Tuesday, July 20, 2010

Review: Songs of blood and sword

'Writing a book is the best revenge.'
I finished reading Fatima Bhutto’s Songs of Blood and Sword about two months ago. While reading it, I took a lot of notes wishing to review it for my blog. The day, when I was about to write the review a landlord acquaintance of mine came from Lahore. This person, lets call me him AZJ for easy reference, is the son of an army general who was good friends with Mr and Mrs Asif Ali Zardari.
Seeing the book lying on my study table, AZJ recalled the night Fatima’s father Murtaza Bhutto was savagely killed in Karachi. General’s son was engaged that night and was taking his would-be in-laws on a dinner.
AZJ’s sister was Fatima’s class felow in a Karachi school. AZJ quoted Benazir telling his sister at London airport that “She (Fatima) thinks of me what I think of general Ziaul Haq.” The London airport meeting took place during the life of Murtaza. It was evident from Benazir’s remarks that she and her brother had differences on almost all the issues and they both had reached at the point of no return.
Although an avid reader, AZJ claimed he hadn’t read the book, but said that it must be a good piece of fiction.
Fatima has quoted many people in her book on her father. All the people quoted in the book are national or international figures. Among those, I know Dr Ghulam Hussain. He was PPP’s general secretary during Zulfiqar Ali Bhutto’s life. Dr Hussain, a die hard PPP worker, also remained in jail during the Zia regime. To the extent of Dr Ghulam, what Fatima has quoted is true. Similarly, the other people quoted by her in her book are also public figures and they have been quoted in press on many occasions. Therefore, we can easily remove this notion of fiction from the book.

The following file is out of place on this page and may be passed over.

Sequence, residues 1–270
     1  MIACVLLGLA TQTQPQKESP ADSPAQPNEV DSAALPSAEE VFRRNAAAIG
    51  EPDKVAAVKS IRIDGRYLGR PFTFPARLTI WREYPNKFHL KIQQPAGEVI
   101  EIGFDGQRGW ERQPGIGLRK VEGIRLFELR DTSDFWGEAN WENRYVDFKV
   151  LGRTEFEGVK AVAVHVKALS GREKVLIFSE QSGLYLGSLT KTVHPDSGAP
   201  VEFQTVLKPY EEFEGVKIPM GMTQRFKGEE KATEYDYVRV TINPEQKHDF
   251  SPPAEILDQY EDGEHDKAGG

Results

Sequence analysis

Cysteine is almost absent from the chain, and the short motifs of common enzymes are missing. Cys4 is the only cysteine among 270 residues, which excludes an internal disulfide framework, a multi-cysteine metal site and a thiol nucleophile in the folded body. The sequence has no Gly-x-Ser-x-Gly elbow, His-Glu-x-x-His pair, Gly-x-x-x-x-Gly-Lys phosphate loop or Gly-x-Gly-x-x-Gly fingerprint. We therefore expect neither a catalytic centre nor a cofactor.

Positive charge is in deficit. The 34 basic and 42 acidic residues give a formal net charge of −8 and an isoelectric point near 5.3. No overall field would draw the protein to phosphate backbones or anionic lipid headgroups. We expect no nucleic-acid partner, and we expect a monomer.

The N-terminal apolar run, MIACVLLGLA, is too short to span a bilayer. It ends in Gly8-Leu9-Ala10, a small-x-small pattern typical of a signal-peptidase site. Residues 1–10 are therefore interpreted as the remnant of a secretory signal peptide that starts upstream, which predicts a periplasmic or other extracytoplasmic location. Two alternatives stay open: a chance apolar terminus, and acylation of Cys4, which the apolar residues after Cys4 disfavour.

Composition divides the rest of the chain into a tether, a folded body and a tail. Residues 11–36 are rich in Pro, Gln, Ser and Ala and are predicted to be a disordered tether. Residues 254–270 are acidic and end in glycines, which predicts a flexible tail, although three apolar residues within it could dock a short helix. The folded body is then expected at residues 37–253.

Fatima has done a lot of research before writing the book. She travelled to various countries, tracing the exile-days of her father Murtaza and uncle Shahnawaz. She met people who sheltered the two brothers during their hard days. She takes the reader on a walk through ups and downs of the Bhutto family.
At times, she adopts the attitude of a western writer who cares least about our eastern sensitivities and at times she lets the eastern sensitivities over-power her pen.
She has tried not to malign any of her aunts. Fatima has relied heavily on press reports published during and after the life of her father. She has candidly discussed the love life of her father and uncle during their days in exile. I recommend this book for the reason that it is the result of the laborious research, which in fact is very rare in Pakistan where even teachers don’t mind plagirism. The writer is highly opinionated about Pakistani society and politics. I would recommend this book to all everyone who admires his/her father and sees a hero in him.

1 comment:

  1. wow..... great review n interesting book
    one must read it bcx as per ur review it encompass every emotion feeling n incident that is true n research based so must be more over powering n forceful in impact over readers